Their findings were published in Nature Communications.
The circle of death. It's every computer owner's worst nightmare. Who hasn't suffered from a painfully slow computer? And the internet isn't always to blame for the lag. Sometimes, it's the parts inside the machine that need an upgrade. Even though technology has advanced exponentially and computers run faster than ever, there's always room for improvement.
Texas Tech University's Rui He (pronounced "her"), an associate professor in the Department of Electrical & Computer Engineering in the Edward E. Whitacre Jr. College of Engineering, and her three undergraduate students, Fabian Diaz, Saad Siddiq and Eric Wauer, recently had their research findings published in the multidisciplinary journal Nature Communications.
"The research we published is to report our recent study on spin wave excitations in a ferromagnetic – a substance with high magnetic permeability – 2D material chromium triiodide," He said. "We discovered terahertz frequency spin waves, which are much higher in frequency than those in conventional ferromagnetic materials. This is going to open up new opportunities for making ultrafast spintronic devices – devices that use electrons' spins for realizing spin currents that are much faster than gigahertz spintronic devices and much more energy efficient than electronics currently on the market.
"Computers run with gigahertz processors, so if we can use the technology based on the new 2D ferromagnetic materials, then we may bring the processing up to run 100 times faster, or even more," He said. "Spintronics could also help reduce the heat from these devices and lower the power consumption."
Though the research is exciting, He recognizes it wouldn't have been possible without the participation of Diaz, Siddiq and Wauer, her undergraduate research assistants who also are co-authors on the paper.
"Their contributions really made our research possible because when we performed experiments, we needed multiple people to work around the clock," He said. "They really made the work possible. It was great to have them on the team."
"The learning experience was one of the great things I got out of this," said Diaz, a computer engineering major from Balmorhea who will graduate on Saturday (Dec. 15). "There was a very big learning curve we had to overcome. I feel like Eric, Saad and I did a good job because we helped Dr. He with whatever she needed, and we really came together as a team."
Texas Tech has emphasized the need for undergraduate students to gain hands-on, practical research experience during their time at the university. For example, the Office of the Provost offers Pi Squared (Pi2), a two-semester program that introduces undergraduate students to the basics and expectations of doing inquiry and investigative work at the college level.
The Center for Transformative Undergraduate Experiences (TrUE) also hosts an undergraduate research conference where undergraduate students can share their knowledge and ingenuity through poster and oral presentations, artistic performances and visual art exhibits.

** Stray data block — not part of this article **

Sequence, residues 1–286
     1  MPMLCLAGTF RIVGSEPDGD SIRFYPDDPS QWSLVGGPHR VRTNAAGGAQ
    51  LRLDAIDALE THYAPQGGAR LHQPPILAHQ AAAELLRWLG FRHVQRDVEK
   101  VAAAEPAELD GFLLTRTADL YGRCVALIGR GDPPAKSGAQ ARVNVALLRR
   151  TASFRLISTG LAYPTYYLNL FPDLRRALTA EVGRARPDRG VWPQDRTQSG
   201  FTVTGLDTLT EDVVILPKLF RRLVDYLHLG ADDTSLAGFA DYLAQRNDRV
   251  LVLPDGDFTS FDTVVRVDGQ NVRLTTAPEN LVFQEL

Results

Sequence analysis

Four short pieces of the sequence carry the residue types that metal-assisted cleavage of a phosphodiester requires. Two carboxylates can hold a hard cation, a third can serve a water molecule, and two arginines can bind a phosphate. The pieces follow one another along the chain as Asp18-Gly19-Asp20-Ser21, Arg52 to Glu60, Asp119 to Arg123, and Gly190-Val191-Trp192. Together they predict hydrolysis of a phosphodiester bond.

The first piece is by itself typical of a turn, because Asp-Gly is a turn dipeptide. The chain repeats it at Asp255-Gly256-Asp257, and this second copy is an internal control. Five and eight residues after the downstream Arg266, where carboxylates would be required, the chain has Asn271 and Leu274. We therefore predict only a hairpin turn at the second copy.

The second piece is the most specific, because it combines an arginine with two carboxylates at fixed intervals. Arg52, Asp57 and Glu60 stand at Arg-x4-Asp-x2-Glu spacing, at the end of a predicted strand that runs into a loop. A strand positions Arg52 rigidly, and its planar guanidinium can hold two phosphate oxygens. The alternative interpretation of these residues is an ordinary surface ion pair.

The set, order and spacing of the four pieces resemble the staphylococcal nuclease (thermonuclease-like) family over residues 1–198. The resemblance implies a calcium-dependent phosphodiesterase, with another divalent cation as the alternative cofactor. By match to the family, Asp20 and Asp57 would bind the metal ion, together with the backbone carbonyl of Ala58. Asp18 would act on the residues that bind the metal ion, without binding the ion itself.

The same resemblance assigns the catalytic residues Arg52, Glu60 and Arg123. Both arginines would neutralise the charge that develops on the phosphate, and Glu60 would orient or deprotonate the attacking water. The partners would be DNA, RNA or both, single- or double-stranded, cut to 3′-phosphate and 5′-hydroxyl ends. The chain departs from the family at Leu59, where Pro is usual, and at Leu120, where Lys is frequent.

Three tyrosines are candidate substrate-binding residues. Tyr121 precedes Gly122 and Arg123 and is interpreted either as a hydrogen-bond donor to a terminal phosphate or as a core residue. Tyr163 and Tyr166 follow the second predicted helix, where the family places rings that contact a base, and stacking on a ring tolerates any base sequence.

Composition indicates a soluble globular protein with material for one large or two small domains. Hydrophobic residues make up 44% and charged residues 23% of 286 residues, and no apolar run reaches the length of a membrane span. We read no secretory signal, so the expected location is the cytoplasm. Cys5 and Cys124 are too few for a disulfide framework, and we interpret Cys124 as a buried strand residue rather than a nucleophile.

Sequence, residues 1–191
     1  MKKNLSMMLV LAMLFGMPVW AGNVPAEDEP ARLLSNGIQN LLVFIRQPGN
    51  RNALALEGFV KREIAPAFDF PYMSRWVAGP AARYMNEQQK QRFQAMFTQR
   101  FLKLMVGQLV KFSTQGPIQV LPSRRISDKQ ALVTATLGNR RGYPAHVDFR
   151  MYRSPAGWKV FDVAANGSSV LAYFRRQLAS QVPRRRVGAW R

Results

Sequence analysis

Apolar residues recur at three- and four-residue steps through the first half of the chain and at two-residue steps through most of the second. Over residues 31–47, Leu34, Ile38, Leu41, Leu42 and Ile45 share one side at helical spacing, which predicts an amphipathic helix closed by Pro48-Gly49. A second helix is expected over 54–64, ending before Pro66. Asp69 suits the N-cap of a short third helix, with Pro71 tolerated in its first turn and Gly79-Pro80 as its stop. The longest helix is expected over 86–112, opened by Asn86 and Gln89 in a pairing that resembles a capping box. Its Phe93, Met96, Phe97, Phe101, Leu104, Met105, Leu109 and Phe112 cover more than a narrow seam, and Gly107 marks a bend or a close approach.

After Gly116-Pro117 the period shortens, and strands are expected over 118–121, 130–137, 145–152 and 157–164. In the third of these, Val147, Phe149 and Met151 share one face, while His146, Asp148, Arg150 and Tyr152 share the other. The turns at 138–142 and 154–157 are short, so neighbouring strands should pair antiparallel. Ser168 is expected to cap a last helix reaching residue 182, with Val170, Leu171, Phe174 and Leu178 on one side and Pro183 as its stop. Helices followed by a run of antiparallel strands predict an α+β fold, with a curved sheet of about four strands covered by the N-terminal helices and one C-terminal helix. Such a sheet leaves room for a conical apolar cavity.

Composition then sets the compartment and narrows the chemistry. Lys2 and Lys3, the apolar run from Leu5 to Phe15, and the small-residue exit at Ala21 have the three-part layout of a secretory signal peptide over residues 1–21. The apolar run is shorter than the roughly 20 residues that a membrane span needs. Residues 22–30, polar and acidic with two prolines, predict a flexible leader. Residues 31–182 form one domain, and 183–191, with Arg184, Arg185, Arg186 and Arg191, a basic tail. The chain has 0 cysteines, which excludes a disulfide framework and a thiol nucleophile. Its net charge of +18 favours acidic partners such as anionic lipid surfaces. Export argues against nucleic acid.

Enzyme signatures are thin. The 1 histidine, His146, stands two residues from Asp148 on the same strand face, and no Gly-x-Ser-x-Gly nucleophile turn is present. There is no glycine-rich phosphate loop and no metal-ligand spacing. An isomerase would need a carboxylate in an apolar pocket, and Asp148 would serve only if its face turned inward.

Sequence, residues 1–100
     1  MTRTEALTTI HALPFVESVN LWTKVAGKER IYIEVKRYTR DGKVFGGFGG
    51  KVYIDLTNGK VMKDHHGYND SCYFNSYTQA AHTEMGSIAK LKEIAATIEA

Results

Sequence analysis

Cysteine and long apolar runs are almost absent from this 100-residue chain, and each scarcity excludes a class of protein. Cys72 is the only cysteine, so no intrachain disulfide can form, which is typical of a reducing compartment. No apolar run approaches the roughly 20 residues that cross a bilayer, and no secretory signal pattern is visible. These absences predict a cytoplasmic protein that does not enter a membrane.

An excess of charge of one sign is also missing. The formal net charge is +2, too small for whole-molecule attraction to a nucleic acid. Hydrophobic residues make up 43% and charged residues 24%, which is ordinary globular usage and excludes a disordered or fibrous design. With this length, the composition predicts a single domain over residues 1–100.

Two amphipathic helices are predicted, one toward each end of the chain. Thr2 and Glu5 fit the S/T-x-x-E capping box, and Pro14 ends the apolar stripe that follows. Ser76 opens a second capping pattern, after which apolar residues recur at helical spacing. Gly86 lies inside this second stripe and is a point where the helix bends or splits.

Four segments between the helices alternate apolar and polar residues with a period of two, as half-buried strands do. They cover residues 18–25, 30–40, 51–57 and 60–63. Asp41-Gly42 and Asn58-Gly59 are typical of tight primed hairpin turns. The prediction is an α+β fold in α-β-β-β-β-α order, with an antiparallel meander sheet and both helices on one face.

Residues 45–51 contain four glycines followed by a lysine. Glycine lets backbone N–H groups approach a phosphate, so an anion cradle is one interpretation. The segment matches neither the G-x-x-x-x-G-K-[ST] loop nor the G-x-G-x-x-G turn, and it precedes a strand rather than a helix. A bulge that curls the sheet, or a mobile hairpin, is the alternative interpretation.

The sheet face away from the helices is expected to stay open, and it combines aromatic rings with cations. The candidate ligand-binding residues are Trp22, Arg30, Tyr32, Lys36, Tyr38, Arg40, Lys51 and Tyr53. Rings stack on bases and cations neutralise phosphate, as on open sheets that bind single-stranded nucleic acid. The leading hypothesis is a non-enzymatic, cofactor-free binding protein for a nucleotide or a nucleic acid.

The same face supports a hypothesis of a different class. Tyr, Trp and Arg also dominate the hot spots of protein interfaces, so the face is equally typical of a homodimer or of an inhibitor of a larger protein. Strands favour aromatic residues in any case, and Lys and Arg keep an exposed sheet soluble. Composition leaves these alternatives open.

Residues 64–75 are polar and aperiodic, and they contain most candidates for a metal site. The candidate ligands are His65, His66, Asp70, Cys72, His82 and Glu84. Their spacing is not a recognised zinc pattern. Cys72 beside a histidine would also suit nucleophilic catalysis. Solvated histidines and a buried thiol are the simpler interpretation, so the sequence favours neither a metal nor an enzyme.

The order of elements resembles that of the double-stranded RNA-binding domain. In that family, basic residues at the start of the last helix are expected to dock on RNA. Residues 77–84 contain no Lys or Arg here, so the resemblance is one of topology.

"I think it's important to involve undergraduate students in research and to let them join this field early in their life so they can know what goes into conducting a research project," He said. "I think it's a great educational opportunity for them."
Not only has He provided this experience for her students, but she's also given them something many undergraduate students don't have: their names listed as co-authors in a published paper.
"I don't think it's really hit me yet," said Wauer, a computer engineering major from Spicewood. "I haven't really thought, 'Wow, this actually is going to really improve the rest of my life from here on out, being in a publication this young.' It's cool to think I'm published now, but I can't really wrap my head around it."
Siddiq, an electrical engineering major from Calgary, Alberta, Canada, who graduated in August, was grateful for the experience he had working with He and her research team, which also included graduate student workers Pouyan Rezaie and Zhipeng Ye. Rezaie and Ye also are co-authors on the paper.
"Working under Dr. He's guidance and alongside Pouyan and Zhipeng was an enriching experience," Siddiq said. "Through this lab work, I was able to learn a lot about Raman spectroscopy, a realm I knew virtually nothing about going in, and am honored to be listed as a co-author on the paper."
Not only did Diaz, Siddiq and Wauer gain research experience while being paid by He's National Science Foundation CAREER grant for the research they did, but they also earned course credit. The lab work they did covered their senior project lab course (ECE 4333) requirement, which was taught by electrical and computer engineering professor Richard Gale.
As for the future, conducting this research has helped put things in perspective for Wauer, who will graduate in May.
"It's given me a focus on where I want to go with my career," he said. "I'd potentially like to go into research and development in the future, just because the type of research we did in the lab was very much in the area of research and development. It's kind of given me a lens on where I want to go after I graduate."